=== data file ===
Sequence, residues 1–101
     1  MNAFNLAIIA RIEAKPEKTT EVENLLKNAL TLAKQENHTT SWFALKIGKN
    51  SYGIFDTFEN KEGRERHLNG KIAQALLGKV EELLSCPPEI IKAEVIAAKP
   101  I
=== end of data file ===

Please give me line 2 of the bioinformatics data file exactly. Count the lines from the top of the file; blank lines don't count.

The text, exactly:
     1  MNAFNLAIIA RIEAKPEKTT EVENLLKNAL TLAKQENHTT SWFALKIGKN